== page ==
This paper is Part 3 in a three part series of papers addressing operational techniques for applying mass integration principles to design in industry with special focus on water conservation and wastewater reduction. The presented techniques derive from merging US and Danish experience with industrial applications of process integration, as a result of a recently established co-operation between the US companies Solutia Inc., Cleaner Process Technologies Inc., and McSwain Engineering Inc. and the Technical University of Denmark. Parts 1 and 2 covered design techniques for any number of wastewater streams containing single and multiple contaminants respectively. Part 3 in this series presents experience from applying methods in industry and also illustrates the work related to each of the steps of the methods and discusses the benefits from the insights provided by each step. The presented experience comprises application in small-scale batch productions in textile dyeing and laundering as well as large scale continuous productions in chemical industry, and it is documented that the methods are robust and independent of the volume and continuity/discontinuity of the production. Industry’s experience with defining the scope of the system and with identifying water flow constraints and water quality constraints is discussed. It is shown, how physical constraints for the system design often set a limit for the sophistication of the water recycle network and thereby also a limit for how sophisticated the method for system design should be. Finally, pinch analysis and system designs for water recycling in a practical case study are shown, documenting large water saving potentials and achievements.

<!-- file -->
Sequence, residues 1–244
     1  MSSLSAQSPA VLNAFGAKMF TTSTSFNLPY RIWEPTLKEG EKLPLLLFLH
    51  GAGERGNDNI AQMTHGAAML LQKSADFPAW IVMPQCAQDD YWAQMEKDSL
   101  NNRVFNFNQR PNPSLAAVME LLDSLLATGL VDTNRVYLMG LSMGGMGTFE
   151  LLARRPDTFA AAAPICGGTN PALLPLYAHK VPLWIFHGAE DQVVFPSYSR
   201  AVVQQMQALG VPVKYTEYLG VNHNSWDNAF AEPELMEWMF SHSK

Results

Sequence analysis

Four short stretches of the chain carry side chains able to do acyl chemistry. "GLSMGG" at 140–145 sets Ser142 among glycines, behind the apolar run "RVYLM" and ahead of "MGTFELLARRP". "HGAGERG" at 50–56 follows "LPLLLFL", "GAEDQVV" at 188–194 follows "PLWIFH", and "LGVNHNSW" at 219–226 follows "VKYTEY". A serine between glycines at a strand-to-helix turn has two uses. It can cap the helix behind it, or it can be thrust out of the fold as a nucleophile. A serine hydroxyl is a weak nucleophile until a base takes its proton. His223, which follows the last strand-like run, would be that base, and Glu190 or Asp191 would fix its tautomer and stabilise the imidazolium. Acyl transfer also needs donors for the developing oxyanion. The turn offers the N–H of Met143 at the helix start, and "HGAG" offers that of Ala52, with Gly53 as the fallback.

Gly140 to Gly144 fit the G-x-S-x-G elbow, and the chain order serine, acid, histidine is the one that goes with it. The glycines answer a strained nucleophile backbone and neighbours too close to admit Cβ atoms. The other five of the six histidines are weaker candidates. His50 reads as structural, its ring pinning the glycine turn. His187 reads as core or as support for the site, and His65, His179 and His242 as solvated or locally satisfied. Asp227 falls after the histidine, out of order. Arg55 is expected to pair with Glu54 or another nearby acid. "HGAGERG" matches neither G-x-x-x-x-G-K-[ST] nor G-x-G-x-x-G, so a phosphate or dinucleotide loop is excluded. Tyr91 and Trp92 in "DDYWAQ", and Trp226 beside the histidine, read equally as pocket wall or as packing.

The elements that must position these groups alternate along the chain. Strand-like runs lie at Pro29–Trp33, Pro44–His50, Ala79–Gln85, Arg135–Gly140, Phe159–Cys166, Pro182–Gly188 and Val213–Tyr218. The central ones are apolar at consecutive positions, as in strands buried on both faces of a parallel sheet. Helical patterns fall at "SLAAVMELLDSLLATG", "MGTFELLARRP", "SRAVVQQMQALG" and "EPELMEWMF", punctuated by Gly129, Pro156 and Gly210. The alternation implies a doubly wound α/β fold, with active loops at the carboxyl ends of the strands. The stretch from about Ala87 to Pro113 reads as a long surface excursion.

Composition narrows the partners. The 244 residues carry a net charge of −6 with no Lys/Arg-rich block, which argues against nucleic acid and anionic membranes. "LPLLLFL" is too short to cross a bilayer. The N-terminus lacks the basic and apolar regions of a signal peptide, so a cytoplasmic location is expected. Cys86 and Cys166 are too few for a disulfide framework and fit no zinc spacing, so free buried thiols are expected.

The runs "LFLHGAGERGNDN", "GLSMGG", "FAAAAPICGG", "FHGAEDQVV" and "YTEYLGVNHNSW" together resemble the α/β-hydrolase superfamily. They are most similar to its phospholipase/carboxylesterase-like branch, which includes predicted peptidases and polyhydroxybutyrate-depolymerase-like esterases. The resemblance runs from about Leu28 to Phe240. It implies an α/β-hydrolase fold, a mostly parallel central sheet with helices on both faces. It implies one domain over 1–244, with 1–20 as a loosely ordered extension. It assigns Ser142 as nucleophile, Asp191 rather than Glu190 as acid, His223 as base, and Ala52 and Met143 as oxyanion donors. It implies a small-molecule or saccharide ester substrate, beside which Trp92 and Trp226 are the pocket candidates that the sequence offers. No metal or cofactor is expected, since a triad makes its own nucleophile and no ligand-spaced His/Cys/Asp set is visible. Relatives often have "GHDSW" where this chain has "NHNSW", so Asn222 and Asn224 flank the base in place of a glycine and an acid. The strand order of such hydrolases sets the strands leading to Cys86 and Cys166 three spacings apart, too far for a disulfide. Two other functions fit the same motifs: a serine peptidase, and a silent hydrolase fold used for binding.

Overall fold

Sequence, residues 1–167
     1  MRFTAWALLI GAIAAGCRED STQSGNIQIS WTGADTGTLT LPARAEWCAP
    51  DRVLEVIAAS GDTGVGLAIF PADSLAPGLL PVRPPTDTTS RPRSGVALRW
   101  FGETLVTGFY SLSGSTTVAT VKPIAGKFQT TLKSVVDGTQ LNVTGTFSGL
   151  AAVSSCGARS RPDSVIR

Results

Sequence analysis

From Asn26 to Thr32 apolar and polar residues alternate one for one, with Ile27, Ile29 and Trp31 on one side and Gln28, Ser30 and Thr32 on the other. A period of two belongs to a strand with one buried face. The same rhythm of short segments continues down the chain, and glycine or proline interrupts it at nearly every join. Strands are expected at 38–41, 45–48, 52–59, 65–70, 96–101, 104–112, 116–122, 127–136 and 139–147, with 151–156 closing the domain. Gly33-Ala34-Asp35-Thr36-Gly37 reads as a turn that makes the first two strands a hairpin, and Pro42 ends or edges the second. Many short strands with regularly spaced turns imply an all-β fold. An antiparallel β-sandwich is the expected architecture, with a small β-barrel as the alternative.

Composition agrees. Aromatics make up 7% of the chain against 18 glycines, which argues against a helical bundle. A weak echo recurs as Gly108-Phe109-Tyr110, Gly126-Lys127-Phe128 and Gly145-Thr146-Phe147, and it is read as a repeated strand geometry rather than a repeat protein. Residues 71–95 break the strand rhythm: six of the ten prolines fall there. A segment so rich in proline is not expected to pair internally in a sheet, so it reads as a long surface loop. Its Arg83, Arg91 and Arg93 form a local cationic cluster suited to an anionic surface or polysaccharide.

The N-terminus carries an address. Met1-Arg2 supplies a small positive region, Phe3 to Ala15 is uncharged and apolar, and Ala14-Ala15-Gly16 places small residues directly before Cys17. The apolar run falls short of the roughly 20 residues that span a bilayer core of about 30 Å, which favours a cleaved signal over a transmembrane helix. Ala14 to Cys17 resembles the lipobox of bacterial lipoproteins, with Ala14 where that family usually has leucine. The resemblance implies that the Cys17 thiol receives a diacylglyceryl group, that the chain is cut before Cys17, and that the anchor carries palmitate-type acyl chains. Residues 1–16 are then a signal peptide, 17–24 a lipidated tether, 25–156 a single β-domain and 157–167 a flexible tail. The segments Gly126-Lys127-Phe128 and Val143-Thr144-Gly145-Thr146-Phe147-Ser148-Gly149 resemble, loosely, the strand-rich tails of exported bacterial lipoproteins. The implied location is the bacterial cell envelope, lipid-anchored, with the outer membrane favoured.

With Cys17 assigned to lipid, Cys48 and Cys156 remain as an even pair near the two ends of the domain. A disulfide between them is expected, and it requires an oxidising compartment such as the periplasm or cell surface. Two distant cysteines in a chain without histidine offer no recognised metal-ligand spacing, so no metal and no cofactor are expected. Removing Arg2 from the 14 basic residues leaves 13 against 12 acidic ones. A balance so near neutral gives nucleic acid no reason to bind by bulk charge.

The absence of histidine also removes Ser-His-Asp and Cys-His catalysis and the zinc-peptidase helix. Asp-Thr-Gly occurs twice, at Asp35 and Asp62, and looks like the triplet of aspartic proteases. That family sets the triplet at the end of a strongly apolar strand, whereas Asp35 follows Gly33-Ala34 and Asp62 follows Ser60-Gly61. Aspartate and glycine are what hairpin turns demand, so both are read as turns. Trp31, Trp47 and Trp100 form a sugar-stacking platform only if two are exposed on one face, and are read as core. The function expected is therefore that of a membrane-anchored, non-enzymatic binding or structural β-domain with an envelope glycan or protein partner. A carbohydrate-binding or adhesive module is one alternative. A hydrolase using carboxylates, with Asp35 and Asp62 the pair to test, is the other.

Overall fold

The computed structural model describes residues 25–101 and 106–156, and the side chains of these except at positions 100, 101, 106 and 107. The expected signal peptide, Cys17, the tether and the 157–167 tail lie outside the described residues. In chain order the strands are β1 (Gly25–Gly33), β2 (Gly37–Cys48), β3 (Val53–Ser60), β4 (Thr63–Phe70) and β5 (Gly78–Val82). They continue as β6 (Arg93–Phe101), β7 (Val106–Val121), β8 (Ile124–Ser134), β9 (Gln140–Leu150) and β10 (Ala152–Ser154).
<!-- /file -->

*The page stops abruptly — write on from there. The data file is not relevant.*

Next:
|Journal||J. of Clean Technologies and Environmental Policy|
|Publication status||Published - 2002|
- Batch processes
- Cleaner technology
- Process integration
- Water reuse